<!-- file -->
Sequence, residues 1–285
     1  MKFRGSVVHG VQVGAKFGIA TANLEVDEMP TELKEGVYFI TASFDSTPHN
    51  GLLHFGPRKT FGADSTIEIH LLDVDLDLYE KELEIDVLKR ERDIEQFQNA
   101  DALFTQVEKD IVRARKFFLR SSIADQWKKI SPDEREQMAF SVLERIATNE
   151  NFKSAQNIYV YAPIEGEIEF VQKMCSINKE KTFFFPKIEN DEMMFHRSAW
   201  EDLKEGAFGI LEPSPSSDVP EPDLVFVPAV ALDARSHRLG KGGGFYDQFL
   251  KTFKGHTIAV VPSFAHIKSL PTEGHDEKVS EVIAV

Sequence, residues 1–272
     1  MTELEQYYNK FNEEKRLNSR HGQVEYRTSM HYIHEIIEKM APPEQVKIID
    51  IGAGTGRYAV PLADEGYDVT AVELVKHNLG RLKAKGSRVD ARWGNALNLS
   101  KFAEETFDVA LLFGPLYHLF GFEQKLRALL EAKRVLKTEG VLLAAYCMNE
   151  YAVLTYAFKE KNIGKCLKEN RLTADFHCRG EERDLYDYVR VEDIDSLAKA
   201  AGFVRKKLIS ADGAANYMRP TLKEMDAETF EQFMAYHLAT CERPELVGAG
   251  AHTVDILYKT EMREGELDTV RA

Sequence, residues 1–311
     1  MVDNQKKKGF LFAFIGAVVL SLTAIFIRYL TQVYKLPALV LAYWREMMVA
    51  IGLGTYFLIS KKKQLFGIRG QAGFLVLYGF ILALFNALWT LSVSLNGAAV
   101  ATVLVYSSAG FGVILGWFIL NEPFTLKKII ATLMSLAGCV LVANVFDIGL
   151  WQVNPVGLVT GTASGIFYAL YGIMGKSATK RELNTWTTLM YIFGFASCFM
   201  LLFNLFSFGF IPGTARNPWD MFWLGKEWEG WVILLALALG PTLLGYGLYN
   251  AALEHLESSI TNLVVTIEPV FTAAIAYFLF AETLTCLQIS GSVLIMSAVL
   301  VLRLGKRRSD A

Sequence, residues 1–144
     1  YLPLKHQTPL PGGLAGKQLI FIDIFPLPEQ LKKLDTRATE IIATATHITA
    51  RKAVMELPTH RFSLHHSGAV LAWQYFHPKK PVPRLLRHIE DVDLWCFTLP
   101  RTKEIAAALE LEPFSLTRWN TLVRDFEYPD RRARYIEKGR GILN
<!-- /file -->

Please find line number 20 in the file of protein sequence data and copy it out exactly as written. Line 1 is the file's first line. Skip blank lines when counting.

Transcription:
   201  LLFNLFSFGF IPGTARNPWD MFWLGKEWEG WVILLALALG PTLLGYGLYN